Building Beautiful Ministry
We are wired for beauty. Our brains recognize it without training, and our bodies respond to it without thinking. It is a principle that applies to ministry as well as creation. How beautiful is your ministry setting?
I am a retired United Methodist Pastor now serving my church as the Facilities Manager. We are a growing church with a ten-year-old building, and we have just begun to wrestle with all of the building related issues that come with an aging facility. Our first step was to decide, “What are the principles which will guide our facility policies?” Although our team realizes that our building is a just tool that we use to do ministry, we want our facility to be the best tool possible for God to use. Our mantra became, “All we want to hear about this building is, ‘Isn’t this a great place to do ministry!’” So we chose these three values—Beauty, Function, and Economy.
Once you have a plan for what ministry your church will do, the next task is to consider how you can attract people to this ministry. I contend that your building is one of the first tools to attract new people. If the facility is not attractive, then you have created a barrier to doing effective ministry. Taking a brutally honest look at your facility and asking how to make it more attractive is an essential step to making the building a great place to do ministry.
Some of this is just basic care. Is the facility clean and well cared for? Roof leaks, incomplete repairs, and worn out carpet all convey a lack of care. This may reflect a struggle with financial support or a passive decision that other things are more important than the building. Would you go to a doctor who practiced in a building in disrepair? Would you shop in a store with peeling paint or leaning shelves? What does your building communicate to your community as they drive by? Do a little research and ask the other pastors or neighbors in your town what your facility communicates about your ministry?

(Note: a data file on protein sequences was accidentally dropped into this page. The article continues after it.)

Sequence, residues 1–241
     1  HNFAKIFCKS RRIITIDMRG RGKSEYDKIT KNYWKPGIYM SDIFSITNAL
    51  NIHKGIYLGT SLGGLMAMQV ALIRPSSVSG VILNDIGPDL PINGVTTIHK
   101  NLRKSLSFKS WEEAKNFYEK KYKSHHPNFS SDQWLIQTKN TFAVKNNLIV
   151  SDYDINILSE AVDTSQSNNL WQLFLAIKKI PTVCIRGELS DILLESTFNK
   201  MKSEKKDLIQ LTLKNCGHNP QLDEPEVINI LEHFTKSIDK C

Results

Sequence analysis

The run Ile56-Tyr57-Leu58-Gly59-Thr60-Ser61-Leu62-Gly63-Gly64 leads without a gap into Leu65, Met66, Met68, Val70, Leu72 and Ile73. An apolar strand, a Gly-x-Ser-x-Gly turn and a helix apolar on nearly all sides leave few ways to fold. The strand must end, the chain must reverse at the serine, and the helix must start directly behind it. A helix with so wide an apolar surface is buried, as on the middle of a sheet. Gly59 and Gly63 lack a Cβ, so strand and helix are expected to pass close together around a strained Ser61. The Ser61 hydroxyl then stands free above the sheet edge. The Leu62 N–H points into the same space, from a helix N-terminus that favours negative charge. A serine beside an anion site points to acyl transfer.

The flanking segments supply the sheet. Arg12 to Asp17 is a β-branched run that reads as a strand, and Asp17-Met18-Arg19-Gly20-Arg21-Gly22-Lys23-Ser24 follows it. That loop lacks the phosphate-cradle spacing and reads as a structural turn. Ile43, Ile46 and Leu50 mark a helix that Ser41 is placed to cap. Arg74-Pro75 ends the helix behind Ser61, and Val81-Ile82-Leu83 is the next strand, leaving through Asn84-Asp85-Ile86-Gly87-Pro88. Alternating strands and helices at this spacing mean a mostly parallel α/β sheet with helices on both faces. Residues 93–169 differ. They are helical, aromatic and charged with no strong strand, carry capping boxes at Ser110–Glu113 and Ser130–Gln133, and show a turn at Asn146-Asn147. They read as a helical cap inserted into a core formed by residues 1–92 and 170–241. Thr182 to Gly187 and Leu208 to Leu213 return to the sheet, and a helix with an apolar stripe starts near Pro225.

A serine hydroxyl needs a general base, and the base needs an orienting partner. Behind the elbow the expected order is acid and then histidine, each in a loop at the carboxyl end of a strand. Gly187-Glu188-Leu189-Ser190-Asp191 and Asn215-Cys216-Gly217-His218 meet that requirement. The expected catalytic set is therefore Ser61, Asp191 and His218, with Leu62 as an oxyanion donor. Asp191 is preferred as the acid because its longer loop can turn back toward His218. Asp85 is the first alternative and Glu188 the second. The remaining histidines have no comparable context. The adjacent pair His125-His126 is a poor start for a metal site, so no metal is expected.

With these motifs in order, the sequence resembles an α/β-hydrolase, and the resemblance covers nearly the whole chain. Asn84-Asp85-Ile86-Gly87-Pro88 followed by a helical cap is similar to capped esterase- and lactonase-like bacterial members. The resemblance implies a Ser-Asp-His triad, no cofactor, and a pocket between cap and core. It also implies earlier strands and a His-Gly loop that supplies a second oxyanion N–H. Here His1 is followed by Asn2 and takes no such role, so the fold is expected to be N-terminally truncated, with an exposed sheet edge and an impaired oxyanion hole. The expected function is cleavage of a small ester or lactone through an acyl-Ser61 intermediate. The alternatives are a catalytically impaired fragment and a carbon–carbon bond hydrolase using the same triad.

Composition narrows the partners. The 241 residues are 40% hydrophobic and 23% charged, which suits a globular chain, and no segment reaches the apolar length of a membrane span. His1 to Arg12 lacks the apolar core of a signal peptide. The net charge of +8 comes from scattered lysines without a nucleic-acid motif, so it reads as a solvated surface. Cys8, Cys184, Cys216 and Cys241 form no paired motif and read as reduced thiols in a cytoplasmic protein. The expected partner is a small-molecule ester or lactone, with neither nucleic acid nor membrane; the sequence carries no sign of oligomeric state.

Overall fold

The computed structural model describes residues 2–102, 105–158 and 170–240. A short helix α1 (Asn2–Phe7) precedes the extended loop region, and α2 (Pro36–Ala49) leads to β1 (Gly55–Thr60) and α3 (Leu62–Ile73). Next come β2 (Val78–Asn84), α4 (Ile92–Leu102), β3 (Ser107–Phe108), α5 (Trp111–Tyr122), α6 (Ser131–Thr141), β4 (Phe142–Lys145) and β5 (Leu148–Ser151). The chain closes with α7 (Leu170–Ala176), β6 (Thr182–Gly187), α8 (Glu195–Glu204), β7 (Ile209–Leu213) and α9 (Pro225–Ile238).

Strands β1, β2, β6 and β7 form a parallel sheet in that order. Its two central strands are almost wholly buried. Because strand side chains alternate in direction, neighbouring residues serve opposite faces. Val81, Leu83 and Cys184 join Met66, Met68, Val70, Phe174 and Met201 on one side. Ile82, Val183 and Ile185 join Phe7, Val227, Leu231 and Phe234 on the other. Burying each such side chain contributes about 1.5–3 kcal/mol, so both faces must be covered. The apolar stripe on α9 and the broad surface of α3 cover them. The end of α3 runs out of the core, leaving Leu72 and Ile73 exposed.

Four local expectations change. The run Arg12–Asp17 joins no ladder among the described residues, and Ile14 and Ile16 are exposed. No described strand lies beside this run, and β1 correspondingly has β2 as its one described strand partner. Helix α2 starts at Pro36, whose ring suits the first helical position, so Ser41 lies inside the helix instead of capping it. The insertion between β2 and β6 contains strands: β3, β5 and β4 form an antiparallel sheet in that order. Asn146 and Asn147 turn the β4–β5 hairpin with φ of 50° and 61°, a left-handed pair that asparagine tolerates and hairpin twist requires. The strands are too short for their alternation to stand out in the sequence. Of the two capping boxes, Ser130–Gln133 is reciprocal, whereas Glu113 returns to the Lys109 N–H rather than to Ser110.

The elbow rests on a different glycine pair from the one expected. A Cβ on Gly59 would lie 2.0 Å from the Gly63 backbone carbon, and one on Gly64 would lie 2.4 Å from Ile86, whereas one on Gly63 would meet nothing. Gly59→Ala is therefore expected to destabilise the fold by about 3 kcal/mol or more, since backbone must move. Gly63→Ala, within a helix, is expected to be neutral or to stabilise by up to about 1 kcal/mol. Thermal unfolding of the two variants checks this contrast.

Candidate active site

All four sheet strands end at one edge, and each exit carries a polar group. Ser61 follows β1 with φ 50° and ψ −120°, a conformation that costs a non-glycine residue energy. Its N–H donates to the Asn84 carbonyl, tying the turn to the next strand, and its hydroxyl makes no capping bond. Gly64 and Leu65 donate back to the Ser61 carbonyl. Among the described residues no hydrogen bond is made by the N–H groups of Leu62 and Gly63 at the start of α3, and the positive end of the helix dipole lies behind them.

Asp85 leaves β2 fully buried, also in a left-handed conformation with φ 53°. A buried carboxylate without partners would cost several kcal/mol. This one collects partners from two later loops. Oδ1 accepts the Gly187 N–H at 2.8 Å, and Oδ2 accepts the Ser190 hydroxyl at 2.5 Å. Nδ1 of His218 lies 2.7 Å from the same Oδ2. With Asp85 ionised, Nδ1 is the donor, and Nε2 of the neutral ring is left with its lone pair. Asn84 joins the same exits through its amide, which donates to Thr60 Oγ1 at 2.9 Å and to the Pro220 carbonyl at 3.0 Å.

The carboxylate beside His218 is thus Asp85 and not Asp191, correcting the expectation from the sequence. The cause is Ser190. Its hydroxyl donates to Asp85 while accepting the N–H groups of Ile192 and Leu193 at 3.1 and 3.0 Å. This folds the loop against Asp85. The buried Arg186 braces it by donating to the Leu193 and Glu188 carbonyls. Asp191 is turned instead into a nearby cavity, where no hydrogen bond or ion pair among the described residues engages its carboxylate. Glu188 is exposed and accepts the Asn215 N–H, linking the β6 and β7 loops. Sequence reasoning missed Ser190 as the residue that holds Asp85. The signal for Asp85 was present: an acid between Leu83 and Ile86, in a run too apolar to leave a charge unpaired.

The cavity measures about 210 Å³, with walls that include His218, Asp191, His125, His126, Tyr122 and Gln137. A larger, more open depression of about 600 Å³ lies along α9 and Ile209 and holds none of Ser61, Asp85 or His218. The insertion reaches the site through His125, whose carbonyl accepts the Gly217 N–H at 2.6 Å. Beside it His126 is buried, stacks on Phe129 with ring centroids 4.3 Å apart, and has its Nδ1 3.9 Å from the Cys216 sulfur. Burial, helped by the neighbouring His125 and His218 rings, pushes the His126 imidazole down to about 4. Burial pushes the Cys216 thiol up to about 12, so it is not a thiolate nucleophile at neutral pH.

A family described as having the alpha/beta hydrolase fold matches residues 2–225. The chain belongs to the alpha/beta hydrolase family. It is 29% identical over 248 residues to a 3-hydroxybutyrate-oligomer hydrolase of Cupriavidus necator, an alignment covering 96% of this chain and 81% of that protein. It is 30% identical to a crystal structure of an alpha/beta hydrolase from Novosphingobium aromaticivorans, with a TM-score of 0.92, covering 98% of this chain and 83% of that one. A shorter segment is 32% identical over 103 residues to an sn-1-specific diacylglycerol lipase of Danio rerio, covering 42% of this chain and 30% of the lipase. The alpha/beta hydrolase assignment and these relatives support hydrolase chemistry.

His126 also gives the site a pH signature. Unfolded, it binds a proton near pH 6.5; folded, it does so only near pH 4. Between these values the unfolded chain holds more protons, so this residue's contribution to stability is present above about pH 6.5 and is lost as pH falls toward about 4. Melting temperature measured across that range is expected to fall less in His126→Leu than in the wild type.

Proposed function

Does everything work? Non-working items communicates a lack of care. This can be a difficult issue since repairs almost always involve financial resources. Thus, your church budget must include sufficient funds to keep things working properly. Long term planning is important to identify resources that will age out over time and need to be replaced. Do the planning, communicate to your leadership the funds needed to keep things working, and begin adding to your budget the financial support needed to do ministry well.
This is the principle we struggle with the most. It’s not just about doing things cheaply. In my experience, cheap often ends up costing more. Cheap may be the least attractive choice you can make and result in visitors misinterpreting your church’s purposes and values. In my congregation, we are constantly researching best practices. Regular maintenance plans, balancing quality and price in purchases, and inviting our members to care for the facility are ways we strive to improve economy.
Admittedly, ministry takes place with very limited resources and often under difficult circumstances. I have the deepest respect for the church leaders who work diligently to attract people without having an attractive facility. But many other churches have become numb and blind to what their facility communicates to those in the community. Take a fresh look outside and inside of your facility and answer the question, “Is this really a great place to do ministry?”